There are two instances in the operation of a link converter 2 when controlling a reversible converter 4, which can cause the regenerative converter 14 of the reversible converter 4 to fall out of synchronism. One cause can be system voltage dips, which occur when the power is fed back from the load of the supply system 18 during the switchover from supply converter 12 to regenerative converter 14. The other cause is the feeding back to the supply system 18 of too high of a link voltage UIZW, during the switchover from supply converter 12 to regenerative converter 14.

As a result of a system voltage dip, the link voltage UIZW also dips, whereby the link current actual value IIZW quickly rises. An overcurrent status message is generated as soon as the link current actual value IIZW reaches a limiting value. The coordinating module 58 registers this status message and simultaneously interrogates the link current setpoint ISZW. In other words, a signal is applied to the coordinating module 58 from the limit monitoring indicator 52, indicating that the regenerative converter 14 is being triggered. Under these conditions, the overcurrent detector 54 ignores the overcurrent status message, so that additional control signals U.sub.α can still be transmitted to the converter valves of the regenerative converter 14. In this way, the current can continue to commutate, so that the regenerative converter 14 cannot fall out of synchronism. Furthermore, as a result of the intervention of the controlling system 26, the overcurrent can be limited in as little as ms.

During dynamic operation or reversing operations of the polyphase machine, the energy supply from the supply system to the load is reversed in the shortest possible time. This has as the result that for an even higher link voltage UIZW, the reversible converter 4 is switched over to inverter operation, so that the switch is made from the supply converter 12 to the regenerative converter 14. The sequential logic module 48 of the controlling system 26 can recognize such an operation because the zero-current detector 50 generates a signal, as soon as the link current actual value IIZW reaches zero and the limit monitoring indicator 52 supplies a signal that indicates that the regenerative converter 14 is being triggered. Under these conditions, any subsequent overcurrent message, resulting from the current rise, is ignored, so that the current in the converter 14 can commutate.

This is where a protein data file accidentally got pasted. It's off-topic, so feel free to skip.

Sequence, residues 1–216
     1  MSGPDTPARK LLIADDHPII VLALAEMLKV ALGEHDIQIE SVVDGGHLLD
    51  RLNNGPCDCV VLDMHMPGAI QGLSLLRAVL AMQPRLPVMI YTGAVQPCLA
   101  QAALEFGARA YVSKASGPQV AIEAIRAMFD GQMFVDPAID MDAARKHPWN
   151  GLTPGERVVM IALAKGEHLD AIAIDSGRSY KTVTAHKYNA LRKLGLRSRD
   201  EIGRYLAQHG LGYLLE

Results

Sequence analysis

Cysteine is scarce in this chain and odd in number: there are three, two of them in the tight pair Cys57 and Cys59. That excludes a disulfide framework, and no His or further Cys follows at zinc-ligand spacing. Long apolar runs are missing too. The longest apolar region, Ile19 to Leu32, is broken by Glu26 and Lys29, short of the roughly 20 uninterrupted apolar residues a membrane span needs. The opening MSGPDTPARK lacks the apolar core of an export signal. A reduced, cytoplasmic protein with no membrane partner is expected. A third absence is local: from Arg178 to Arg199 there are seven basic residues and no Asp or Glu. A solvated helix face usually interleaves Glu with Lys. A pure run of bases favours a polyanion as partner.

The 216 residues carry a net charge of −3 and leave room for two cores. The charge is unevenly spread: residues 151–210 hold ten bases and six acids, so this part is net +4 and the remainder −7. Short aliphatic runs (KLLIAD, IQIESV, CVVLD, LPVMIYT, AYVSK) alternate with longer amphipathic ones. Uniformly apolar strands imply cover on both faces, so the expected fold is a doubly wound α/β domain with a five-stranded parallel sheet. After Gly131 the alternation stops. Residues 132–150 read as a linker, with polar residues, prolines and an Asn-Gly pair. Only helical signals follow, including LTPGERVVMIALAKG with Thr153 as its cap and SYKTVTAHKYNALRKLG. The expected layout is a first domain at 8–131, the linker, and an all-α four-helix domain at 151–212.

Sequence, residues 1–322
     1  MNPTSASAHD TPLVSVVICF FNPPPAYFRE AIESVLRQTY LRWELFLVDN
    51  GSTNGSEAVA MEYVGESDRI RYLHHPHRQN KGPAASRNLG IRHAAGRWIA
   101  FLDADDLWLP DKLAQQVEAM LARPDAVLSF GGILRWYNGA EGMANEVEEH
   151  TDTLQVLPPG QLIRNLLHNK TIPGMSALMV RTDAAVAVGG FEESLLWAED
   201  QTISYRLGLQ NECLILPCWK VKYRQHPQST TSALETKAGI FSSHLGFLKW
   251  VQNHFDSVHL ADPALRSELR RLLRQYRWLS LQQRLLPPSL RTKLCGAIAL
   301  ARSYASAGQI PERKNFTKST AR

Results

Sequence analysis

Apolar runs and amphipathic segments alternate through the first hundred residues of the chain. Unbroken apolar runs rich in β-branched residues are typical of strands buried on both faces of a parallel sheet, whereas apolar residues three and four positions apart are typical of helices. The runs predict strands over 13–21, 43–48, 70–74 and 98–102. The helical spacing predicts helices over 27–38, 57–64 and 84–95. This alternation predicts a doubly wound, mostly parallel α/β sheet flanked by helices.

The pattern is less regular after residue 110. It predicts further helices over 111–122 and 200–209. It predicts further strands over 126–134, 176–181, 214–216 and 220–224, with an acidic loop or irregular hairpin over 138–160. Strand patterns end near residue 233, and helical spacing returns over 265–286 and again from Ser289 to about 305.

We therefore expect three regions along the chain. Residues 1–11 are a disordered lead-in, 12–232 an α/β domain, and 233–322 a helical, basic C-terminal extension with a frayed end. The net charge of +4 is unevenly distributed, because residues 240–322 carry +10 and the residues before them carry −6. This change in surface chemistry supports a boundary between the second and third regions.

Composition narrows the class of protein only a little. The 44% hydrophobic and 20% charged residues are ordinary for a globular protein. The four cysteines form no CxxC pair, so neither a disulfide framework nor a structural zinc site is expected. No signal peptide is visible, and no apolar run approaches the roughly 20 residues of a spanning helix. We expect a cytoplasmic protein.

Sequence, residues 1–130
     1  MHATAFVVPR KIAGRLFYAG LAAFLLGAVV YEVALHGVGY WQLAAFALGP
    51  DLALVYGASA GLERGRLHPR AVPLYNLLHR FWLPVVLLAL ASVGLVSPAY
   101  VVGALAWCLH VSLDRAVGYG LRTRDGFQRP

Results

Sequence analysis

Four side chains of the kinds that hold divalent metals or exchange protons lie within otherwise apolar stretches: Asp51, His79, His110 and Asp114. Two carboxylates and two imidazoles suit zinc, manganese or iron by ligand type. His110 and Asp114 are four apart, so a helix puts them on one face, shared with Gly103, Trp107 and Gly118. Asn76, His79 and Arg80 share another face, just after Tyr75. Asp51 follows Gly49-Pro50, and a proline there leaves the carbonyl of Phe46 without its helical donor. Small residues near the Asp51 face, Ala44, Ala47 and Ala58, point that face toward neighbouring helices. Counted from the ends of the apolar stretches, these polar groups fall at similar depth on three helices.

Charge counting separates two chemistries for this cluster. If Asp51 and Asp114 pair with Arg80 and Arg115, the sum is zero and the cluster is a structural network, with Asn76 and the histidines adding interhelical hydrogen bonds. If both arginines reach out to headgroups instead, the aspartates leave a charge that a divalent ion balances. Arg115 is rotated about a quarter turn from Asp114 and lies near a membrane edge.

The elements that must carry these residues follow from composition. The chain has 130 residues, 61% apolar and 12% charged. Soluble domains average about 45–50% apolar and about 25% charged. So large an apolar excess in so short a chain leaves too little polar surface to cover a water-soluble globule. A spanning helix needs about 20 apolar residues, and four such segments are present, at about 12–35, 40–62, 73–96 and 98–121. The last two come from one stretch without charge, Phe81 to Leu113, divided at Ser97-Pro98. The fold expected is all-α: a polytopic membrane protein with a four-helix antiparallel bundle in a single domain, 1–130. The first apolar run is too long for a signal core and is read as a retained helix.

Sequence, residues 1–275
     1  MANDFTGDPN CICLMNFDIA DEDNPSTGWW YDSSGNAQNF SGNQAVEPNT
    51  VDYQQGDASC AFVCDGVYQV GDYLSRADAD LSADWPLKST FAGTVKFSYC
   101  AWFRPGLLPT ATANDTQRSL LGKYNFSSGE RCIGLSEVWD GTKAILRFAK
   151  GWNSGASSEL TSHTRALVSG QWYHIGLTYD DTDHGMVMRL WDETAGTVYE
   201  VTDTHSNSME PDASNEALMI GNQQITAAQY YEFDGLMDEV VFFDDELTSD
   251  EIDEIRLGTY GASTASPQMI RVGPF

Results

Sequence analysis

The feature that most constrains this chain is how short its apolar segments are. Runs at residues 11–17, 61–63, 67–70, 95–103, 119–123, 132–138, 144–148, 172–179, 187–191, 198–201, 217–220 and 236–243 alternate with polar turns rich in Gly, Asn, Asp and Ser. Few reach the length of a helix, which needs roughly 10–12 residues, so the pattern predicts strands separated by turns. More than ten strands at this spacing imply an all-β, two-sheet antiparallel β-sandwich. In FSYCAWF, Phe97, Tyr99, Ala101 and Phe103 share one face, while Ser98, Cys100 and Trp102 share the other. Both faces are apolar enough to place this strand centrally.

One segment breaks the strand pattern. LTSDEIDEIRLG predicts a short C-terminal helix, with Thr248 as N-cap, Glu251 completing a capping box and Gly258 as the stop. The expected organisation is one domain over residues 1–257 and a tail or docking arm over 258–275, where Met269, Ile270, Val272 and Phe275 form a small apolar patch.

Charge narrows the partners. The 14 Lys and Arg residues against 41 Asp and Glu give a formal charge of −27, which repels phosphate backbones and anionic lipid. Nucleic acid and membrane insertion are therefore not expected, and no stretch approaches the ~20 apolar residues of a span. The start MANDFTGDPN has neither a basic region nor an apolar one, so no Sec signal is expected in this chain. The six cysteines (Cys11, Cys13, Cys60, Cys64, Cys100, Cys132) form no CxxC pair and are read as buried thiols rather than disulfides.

Thus, a method and a circuit is provided which avoids commutation failure in a supply reversible converter 4 of a voltage-source converter 2 during dynamic operation or during system voltage dips.

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US5414612 *Aug 3, 1993May 9, 1995Asea Brown Boveri AbHVDC transmission with a converter connected between an AC voltage and a DC link common to the converters
US5687049 *Jan 26, 1996Nov 11, 1997International Rectifier CorporationMethod and circuit for protecting power circuits against short circuit and over current faults
US5901053 *Oct 9, 1997May 4, 1999Asea Brown Boveri AbPlant for transmitting electric power to remote facilities which have an electric motor load
US6269010 *Feb 29, 2000Jul 31, 2001Rockwell Technologies, LlcCSI based drive having feedforward control of inverter input voltage
US6760237 *Jan 10, 2003Jul 6, 2004Toyota Jidosha Kabushiki KaishaInverter for alternating current generator-motor
US6762947 *Nov 20, 2002Jul 13, 2004Robicon CorporationControl method and apparatus to reduce current through DC capacitor linking two static converters
US7336052 *Jun 20, 2006Feb 26, 2008Schneider Toshiba Inverter Europe SasDevice for powering a variable speed drive
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US8023234Dec 27, 2004Sep 20, 2011Danfoss Drives A/SMethod for detecting earth-fault conditions in a motor controller
EP1204198A2 *Oct 31, 2001May 8, 2002General Electric CompanyMethod and system for detecting a zero current level in a line commutated converter
Classifications
U.S. Classification363/35, 363/51, 363/138
International ClassificationH02M7/797, H02M7/757
Cooperative ClassificationH02M7/797, H02M7/757
European ClassificationH02M7/757, H02M7/797
Legal Events
DateCodeEventDescription
Mar 29, 1994FPExpired due to failure to pay maintenance fee
Effective date: 19930116
Jan 16, 1994LAPSLapse for failure to pay maintenance fees
Aug 17, 1993REMIMaintenance fee reminder mailed
May 11, 1989ASAssignment
Owner name: SIEMENS AKTIENGESELLSCHAFT, GERMANY
Free format text: ASSIGNMENT OF ASSIGNORS INTEREST.;ASSIGNOR:STEINSHORN, AXEL;REEL/FRAME:005074/0554
Effective date: 19890428